The point is that it makes the body/lens combo (even a 5D) considerable easier to carry around, as it’s much flatter and therefore fits in a bag etc. a lot easier. Secondly, it is a lot less intimidating to people than a huge zoom stuck in their face.
    I have one of these lenses now. Haven’t had a chance to use it extensively yet, but first looks are very good. Focussing speed is quite satisfactory (particularly for the use it is likely to be put to) and I can’t see any of the vignetting some have mentioned.

  • About the bulk, what will be the overall depth from the filter rim to the LCD rim on a 5D MK II, compared to a Pentax K5 with its 40mm pancake? The flange to sensor distance of the Canons is already short compared to Pentax flange to sensor depth, the Antishake of the Pentax sensor must add some mms too.

  • Neil Kirby

    @jack: “What’s the point of such a small lens on a bulky DSLR”
    @Nicholas: “an itty-bitty pancake on a 5D-sized brick seems a bit silly”

    I think it’s a vacation lens when used on a full frame. (I could be wrong).

    Being wider than 50mm gives you better scenery shots. Any wider and your people shots would be too compromised. If you can only pack ONE lens, it might be the lens to pack when space and mass really count. When you have to carry the camera on your person by the neck strap (instead of in a bag), the tiny lens is less obtrusive, less conspicuous (no white body, no red ring), and less likely to get bashed.

    You might question using a 5D as a vacation camera, but with a f/2.8 lens it will stomp any point and shoot in low light situations. If you are on a vacation (as opposed to a photo shoot), then you want normal perspective with the highest quality you can easily get.

    I don’t see other killer uses – but this isn’t my favorite focal length.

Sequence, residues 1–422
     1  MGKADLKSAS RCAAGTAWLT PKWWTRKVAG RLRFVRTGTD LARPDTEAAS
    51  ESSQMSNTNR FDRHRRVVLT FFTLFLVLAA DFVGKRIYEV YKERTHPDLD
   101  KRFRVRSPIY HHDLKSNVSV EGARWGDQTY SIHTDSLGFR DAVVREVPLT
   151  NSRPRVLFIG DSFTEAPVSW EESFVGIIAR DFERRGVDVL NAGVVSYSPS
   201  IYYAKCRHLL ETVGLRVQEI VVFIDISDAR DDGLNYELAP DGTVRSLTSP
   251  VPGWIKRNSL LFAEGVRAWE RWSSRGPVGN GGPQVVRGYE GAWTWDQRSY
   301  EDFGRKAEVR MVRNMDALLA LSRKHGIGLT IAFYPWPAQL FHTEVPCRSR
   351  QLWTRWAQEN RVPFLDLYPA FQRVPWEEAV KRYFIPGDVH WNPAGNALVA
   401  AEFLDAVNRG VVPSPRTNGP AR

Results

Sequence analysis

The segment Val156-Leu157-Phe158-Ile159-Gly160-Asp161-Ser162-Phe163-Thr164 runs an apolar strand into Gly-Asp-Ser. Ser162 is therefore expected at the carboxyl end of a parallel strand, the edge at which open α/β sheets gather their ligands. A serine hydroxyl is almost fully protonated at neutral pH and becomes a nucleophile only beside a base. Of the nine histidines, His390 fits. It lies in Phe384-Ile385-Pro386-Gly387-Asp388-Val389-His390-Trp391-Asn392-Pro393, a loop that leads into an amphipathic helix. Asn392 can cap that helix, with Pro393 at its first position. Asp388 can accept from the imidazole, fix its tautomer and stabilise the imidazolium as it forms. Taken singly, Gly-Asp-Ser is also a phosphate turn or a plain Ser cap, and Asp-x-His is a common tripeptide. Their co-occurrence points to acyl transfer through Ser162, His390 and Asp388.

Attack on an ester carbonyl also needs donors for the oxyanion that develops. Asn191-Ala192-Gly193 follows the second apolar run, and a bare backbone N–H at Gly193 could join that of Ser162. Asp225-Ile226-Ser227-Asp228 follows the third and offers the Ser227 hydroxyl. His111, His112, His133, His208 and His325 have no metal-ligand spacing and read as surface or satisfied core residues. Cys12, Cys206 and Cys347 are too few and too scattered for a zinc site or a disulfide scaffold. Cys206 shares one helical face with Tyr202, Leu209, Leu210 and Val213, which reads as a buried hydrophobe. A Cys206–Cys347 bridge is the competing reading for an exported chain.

• Robin Smith

    Vignetting is not a problem – its a feature for most shots. It looks a good one. Not sure whether I need one over the 50s – without a hood they are quire small small too.

  • roger: thanks for the review.

    @jack: “What’s the point of such a small lens on a bulky DSLR!” – perhaps to minimize that very bulk? shoot one-handed on the fly? to use as a back-up lens on your back-up smaller body? to fill that tiny empty spot in your bag? to keep in your shirt pocket?

    @leonard: “such a rip off of Pentax” – didn’t pentax make the first slr? all the companies “ripping off” each other is what pushes the technology and allows us to enjoy their fruits!

  • Very nice at that price though bokeh and vignetting has to be checked too. The alternative Voigtländer 40mm or competition Pentax 40mm (APS) do not score well on bokeh and vignetting. Both have no STM motor aboard and their price is high. The bigger old Canon 35mm f2.0 is sharp and cheap but has the same bokeh and vignetting limitations. The bigger Zeiss 35mm f2.0 is in a different price category but is not free from vignetting too. All in all Canon marketing and the engineers aimed at a weak spot in the competition and succeeded even when bokeh and vignetting are like the other pancakes:
    http://florianhassler.tumblr.com/

    Wonder what basic lens design pancakes like that fall within: Planar, Plasmat or a WA design?

  • I’ve been recommending people get the 50mm 1.8 as their first lens after the kit lens. I think I’d rather recommend this lens. The 50 is just a little too long on a crop camera. Sounds like it’s a great little lens. Thanks for the review!

  • Leonard

    such a rip off of Pentax

  • “The 40 is fairly unique in that it just doesn’t get much sharper stopped down”

    The Canon 28/2.8 is similar in this regard. See http://tinyurl.com/c59nkru

  • Jack

    What’s the point of such a small lens on a bulky DSLR!